letter to the editor (Jewish Daily Forward, re: "Why Caleb Jacoby's Disappearance Is Our Business")
Jews are just like everyone else, no better no worse. Our communities and families contain mental illness, moments of triumph, domestic violence, and deep humanity. The best of these were manifest in the global Jewish community's successful efforts to locate Caleb Jacoby. I was therefore surprised to read Adena Cohen-Bearak's critique of the Jacoby family's desire to keep their son's health concerns private ("Why Caleb Jacoby's Disappearance Is Our Business", Jan. 24). If the best Jewish values led us all to participate in rescuing a person in need, why wouldn't other aspects of our "best selves" - , ie, granting a family privacy and space to heal - be appropriate? Has our pervasive technological interconnectivity surpassed the Jewish mandate to respect healthy boundaries?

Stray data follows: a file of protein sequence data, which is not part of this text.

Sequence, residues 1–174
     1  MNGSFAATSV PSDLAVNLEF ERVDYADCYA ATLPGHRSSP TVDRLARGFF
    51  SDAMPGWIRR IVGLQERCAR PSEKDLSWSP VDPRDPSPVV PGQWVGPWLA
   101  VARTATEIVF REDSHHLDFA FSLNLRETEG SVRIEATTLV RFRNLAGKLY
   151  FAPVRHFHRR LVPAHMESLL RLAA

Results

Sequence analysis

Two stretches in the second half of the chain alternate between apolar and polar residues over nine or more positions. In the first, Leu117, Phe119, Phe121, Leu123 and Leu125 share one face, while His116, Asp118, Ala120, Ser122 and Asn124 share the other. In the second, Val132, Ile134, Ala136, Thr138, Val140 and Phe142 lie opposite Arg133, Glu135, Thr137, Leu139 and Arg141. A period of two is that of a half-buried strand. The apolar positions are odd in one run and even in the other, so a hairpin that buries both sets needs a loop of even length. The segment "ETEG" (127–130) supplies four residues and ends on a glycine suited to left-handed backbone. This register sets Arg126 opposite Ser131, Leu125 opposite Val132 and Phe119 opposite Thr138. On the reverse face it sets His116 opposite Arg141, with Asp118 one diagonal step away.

Rabbi Menachem Creditor